Posted by & filed under News, Uncategorized.

New England Urgent Care is one of the first urgent cares in Connecticut to receive its licensing, and is the only state-licensed and nationally certified urgent care operating in West Hartford, Enfield, Manchester and Bristol.

The process was rigorous — New England Urgent Care facilities were subject to inspection and investigation. After meeting all the requirements, licensing was granted on May 28, 2019.

Why does licensing matter?

According to Connecticut lawmakers, the goal was to “better regulate this growing industry that provides an important health care service.” Dr. Michael Gutman, New England Urgent Care Medical Director, believes regulation benefits patients. He said, “It’s going to force facilities to either say ‘we’re not urgent care’ or increase quality of their care.”

In addition, New England Urgent Care and has been nationally certified since 2011 by the Urgent Care Association of America (UCAOA). This certification ensures New England Urgent Care has the training and on-site equipment — including x-rays, blood lab, EKG, respiratory and pharmacy — to treat patients for a broader range of illnesses and injuries than walk-ins that are not certified.

State Statue Chapter 368V § 19a-490-495 outlines the requirements that would ‘promote safe, humane and adequate care and treatment of individuals.’

Gutman added, “New England Urgent Care is capable of delivering diagnostic and treatment modalities to ill and injured patients far beyond that of a Primary Care clinic. It’s important for the public to be able to differentiate the level of services provided by clinics.”

Read more: Journal Inquirer: New England Urgent Care among first to receive state certification


Source: “Lawmakers Push to Regulate Urgent Care Centers” Hartford Courant, August 25, 2017

Volunteer Day at Elizabeth Park

Posted by & filed under Community Giving, Uncategorized.

For the second year in a row, New England Urgent Care staff have chosen to help beautify historic Elizabeth Park in Hartford. On the national register of historic places, Elizabeth Park has a little more than one hundred acres of formal gardens, green space, recreational facilities, walking paths, and a café where visitors can enjoy a meal and refreshments.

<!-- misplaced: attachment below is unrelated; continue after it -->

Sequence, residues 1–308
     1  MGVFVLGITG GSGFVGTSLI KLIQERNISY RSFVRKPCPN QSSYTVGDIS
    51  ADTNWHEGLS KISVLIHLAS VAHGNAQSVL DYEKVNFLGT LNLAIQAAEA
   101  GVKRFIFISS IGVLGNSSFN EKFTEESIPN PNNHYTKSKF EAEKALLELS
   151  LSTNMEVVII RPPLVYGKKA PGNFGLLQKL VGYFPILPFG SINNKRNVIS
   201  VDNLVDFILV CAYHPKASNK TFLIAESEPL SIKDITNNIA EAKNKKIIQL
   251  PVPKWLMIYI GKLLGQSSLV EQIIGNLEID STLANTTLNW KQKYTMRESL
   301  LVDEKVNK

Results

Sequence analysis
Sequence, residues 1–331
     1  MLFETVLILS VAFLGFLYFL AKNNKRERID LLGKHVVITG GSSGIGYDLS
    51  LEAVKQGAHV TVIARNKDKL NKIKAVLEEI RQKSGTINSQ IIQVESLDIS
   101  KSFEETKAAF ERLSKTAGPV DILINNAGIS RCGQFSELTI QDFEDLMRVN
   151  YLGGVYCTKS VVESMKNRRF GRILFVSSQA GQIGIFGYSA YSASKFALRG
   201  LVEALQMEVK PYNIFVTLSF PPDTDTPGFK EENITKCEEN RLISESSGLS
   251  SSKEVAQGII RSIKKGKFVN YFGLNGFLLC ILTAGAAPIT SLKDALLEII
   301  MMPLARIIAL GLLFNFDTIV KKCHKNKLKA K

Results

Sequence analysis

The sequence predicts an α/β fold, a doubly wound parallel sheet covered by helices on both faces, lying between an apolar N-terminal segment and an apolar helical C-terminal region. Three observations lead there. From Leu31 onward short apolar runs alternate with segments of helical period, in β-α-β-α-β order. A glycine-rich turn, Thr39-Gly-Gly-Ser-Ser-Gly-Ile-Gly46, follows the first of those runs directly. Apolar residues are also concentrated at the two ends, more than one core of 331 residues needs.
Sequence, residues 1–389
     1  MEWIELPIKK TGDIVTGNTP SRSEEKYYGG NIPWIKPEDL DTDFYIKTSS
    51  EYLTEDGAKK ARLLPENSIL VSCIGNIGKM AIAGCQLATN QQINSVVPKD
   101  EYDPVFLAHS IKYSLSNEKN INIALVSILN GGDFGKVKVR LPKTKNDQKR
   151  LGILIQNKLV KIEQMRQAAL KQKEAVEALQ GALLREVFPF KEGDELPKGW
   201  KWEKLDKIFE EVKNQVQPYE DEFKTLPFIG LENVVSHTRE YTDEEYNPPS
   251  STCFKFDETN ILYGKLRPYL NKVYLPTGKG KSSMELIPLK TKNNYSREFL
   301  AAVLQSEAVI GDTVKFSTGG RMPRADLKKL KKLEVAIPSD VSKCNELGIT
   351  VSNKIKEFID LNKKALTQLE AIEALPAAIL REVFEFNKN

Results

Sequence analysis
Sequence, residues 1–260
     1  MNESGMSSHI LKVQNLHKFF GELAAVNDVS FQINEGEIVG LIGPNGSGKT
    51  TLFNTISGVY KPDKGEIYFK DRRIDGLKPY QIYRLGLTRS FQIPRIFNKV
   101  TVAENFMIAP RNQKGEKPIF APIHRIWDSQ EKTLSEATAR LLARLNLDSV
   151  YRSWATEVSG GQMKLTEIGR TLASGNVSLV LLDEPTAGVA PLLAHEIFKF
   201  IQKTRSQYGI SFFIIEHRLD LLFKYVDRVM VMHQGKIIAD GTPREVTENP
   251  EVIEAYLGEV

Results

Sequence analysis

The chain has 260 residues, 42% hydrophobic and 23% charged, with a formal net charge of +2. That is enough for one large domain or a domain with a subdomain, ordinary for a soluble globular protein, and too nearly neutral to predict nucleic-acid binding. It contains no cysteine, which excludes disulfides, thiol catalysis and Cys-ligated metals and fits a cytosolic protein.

“Giving back to our community is an integral part of New England Urgent Care’s philosophy. Each year our team votes on which place or cause they would like to place their energy. This year, Elizabeth Park topped the survey for the second year in a row,” commented Luciane Mastrangeli, Lead X-ray Technologist and Marketing Coordinator.

New England Urgent Care Providers, RNs, x-ray Techs, and support staff will work along side one another to plant, dig and weed on June 6th.

seasonal allergies

Posted by & filed under Seasonal, Uncategorized.

Have you had little to no success with over-the-counter medications to combat the drippy nose and itchy eyes? Maybe you can do something more.

A group urgent care clinic physicians across the country have developed this list of food recommendations to help allergy sufferers fight the effects of springtime allergies.
  1. Eat bland foods. Skip the spicy foods. They can cause your body to produce more histamines. These are chemicals your body releases during allergic reactions, which cause sneezing, itchy watery eyes, runny nose, etc.
  2. Eat honey. Especially local honey, which contains the pollen causing your allergies. This will actually help build up your immunity towards those allergens.
  3. Drink green tea (hot or cold). It contains natural antihistamines and can help reduce your symptoms.
  4. Eat more fish. Omega-3s found in fatty fish, like salmon, trout or tuna boost have anti-inflammatory properties and can boost your immunity.
  5. Eat pineapple. It’s packed with vitamins C and B, and the enzyme Bromelain, which can reduce swelling in the nose and sinuses.